6 Weeks Pregnant: Understanding Your Baby’s Development

Fact Checked Medically reviewed by Tanja Premru-Sršen


When you are 6 weeks pregnant, the reality of the pregnancy is probably just setting in, especially if you have been trying for a while.

The feelings at 6 weeks pregnant might be mixed; you are probably delighted, happy, confused, scared out of your mind… all at the same time.

The fact is, your body and your baby are changing quickly, even if these changes are not visible on the outside. At 6 weeks pregnant, you are probably starting to feel your pregnancy hormones and hormonal changes at full force.

Another great change is that the little baby inside of you is starting to form its organs at 6 weeks pregnant!

Physical symptoms during week six of early pregnancy

You may not look all that different on the outside, but you are probably starting to feel a bit different during week six. Of course, you have pregnancy hormones to thank for that, as they often start to kick in around week six of pregnancy.

It is important to note that pregnancy symptoms are unpredictable and different for different women. Early pregnancy symptoms can be really strong for some women, but they can also go unnoticed by others.

They can also come and go in waves, but they might stick around the entire day. However, generally speaking, there is a number of symptoms that many women experience during the early stages of pregnancy.

If you have questions about them or if you have any concerns or worries that keep you up at night and make you stressed out, make sure to contact your doctor or other healthcare providers or speak about it during your first prenatal doctor’s appointment.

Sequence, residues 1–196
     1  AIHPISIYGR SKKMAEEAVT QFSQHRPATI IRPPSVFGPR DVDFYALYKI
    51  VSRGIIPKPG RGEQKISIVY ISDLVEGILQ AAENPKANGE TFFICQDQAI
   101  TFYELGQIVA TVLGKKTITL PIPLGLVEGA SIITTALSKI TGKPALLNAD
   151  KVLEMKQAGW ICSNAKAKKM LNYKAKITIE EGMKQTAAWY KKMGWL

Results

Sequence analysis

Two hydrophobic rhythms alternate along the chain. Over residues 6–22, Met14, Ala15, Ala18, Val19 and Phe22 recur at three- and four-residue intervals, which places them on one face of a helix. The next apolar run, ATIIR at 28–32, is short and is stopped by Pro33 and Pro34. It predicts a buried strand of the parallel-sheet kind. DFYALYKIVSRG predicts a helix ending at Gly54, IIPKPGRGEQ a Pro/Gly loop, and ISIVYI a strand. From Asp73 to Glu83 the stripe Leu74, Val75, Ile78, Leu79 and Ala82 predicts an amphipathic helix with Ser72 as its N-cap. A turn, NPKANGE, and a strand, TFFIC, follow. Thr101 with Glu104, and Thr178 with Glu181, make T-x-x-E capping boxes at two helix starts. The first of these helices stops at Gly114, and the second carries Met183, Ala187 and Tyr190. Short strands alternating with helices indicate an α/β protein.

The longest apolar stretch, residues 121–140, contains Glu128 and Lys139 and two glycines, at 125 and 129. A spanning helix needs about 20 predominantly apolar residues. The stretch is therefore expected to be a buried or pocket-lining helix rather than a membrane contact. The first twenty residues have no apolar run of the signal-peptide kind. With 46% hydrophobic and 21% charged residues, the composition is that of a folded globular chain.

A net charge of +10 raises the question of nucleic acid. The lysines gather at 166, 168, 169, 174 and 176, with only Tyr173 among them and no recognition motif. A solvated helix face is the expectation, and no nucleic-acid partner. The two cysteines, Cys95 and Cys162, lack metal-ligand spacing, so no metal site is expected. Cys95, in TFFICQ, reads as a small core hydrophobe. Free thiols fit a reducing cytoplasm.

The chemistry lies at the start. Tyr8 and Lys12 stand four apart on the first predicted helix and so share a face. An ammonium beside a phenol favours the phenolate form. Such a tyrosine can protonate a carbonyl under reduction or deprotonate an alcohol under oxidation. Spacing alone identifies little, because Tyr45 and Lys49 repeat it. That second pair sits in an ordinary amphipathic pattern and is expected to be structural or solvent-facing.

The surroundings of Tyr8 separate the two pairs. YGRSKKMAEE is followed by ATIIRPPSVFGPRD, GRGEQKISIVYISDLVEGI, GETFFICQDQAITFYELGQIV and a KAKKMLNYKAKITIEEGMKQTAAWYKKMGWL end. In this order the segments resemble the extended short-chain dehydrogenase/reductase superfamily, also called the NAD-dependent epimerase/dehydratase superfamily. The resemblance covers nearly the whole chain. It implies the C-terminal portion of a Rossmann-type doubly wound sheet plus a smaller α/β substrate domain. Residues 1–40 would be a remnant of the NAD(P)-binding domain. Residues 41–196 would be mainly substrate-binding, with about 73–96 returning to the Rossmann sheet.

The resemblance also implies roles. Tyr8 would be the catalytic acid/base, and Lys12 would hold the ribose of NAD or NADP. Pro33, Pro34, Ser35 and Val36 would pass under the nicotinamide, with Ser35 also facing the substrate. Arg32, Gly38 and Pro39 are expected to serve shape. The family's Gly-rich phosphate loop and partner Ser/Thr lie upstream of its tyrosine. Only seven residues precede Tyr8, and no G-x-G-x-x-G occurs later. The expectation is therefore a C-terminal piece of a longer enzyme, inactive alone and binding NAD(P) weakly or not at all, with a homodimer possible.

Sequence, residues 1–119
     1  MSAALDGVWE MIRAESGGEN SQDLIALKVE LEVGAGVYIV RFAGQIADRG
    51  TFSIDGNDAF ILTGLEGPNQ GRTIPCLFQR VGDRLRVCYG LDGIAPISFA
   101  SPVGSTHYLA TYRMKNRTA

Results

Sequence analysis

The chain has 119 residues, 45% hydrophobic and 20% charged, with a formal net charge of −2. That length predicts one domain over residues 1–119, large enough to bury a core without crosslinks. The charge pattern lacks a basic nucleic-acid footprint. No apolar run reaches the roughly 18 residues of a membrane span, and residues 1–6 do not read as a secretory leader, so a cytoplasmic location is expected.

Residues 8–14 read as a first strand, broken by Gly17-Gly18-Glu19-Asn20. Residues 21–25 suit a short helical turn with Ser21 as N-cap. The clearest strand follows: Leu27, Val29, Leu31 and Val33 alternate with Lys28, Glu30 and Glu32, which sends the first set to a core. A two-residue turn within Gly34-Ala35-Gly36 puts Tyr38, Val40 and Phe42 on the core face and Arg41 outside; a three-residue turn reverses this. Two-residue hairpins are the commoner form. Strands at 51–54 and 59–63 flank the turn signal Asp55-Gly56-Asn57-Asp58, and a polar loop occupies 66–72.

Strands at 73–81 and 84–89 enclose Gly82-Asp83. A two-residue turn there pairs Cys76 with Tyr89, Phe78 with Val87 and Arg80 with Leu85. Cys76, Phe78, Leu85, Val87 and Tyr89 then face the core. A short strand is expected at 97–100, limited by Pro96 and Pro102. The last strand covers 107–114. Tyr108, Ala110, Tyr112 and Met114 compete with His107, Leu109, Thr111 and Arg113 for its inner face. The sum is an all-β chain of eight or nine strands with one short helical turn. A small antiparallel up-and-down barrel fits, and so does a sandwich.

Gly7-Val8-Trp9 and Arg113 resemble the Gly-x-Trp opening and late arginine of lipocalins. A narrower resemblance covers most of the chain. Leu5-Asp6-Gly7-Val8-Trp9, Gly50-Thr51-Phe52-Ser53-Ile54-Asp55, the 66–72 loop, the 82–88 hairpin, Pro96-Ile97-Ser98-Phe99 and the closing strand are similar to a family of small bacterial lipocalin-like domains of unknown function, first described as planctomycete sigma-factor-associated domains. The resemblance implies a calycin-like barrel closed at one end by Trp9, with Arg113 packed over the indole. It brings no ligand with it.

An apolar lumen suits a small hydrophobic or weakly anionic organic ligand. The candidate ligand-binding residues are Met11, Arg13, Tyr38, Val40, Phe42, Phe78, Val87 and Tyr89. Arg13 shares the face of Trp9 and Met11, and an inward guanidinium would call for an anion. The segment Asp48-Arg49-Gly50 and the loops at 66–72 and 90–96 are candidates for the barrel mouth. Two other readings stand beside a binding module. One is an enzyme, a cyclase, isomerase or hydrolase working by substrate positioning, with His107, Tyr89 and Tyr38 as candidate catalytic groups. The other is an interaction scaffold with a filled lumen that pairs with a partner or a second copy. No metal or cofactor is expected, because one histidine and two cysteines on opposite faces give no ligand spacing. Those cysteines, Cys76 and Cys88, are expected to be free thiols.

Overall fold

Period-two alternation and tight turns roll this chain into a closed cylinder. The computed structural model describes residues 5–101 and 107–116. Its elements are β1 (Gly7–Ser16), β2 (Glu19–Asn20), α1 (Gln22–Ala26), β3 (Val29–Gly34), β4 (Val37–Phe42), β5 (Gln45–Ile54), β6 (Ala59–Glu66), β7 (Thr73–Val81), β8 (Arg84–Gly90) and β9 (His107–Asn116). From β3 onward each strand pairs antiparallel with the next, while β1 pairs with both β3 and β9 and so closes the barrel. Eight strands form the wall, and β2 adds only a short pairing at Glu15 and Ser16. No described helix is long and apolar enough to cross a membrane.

Some of the most common symptoms during week six of pregnancy include:


Fatigue is one of the most common pregnancy symptoms, and it is pretty much expected. Pregnancy hormones can make you feel tired, and there is also the fact that your body is working tirelessly to create a human inside of you. An overall lack of energy can also be exacerbated by a lack of sleep, poor diet, excessive stress, and anemia.

Morning Sickness

For many pregnant women, the so-called morning sickness is really “all-day sickness” since morning sickness and severe nausea can stay around for longer and it can hit at any time of day.

The exact cause of morning sickness is not known, but the likely culprit for the morning sickness is the surge of human chorionic gonadotropin (pregnancy hormone, hcG).

The best way to deal with morning sickness is eating first thing in the morning, drinking a lot of water, and eating small meals during the day.

Frequent Urination

During your pregnancy journey, the amount of blood pumped by the heart each minute will increase by 30% to 50%.

The increased blood flow will cause your kidneys to work more efficiently, which will lead to a need for more frequent urination.

What happens to the baby during the sixth pregnancy week?